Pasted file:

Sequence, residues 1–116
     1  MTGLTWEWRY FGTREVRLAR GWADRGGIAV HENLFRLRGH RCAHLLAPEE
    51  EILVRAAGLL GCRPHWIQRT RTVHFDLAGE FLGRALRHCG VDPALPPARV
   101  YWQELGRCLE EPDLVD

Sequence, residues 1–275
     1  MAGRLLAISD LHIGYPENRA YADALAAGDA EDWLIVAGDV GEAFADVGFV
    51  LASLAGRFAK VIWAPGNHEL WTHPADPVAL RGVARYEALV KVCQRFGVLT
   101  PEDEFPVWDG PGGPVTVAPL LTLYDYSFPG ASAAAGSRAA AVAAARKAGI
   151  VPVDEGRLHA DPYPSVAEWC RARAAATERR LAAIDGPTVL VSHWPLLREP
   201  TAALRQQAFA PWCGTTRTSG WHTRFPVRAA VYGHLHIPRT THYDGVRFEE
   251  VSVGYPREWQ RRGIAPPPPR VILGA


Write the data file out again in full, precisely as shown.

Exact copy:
Sequence, residues 1–116
     1  MTGLTWEWRY FGTREVRLAR GWADRGGIAV HENLFRLRGH RCAHLLAPEE
    51  EILVRAAGLL GCRPHWIQRT RTVHFDLAGE FLGRALRHCG VDPALPPARV
   101  YWQELGRCLE EPDLVD

Sequence, residues 1–275
     1  MAGRLLAISD LHIGYPENRA YADALAAGDA EDWLIVAGDV GEAFADVGFV
    51  LASLAGRFAK VIWAPGNHEL WTHPADPVAL RGVARYEALV KVCQRFGVLT
   101  PEDEFPVWDG PGGPVTVAPL LTLYDYSFPG ASAAAGSRAA AVAAARKAGI
   151  VPVDEGRLHA DPYPSVAEWC RARAAATERR LAAIDGPTVL VSHWPLLREP
   201  TAALRQQAFA PWCGTTRTSG WHTRFPVRAA VYGHLHIPRT THYDGVRFEE
   251  VSVGYPREWQ RRGIAPPPPR VILGA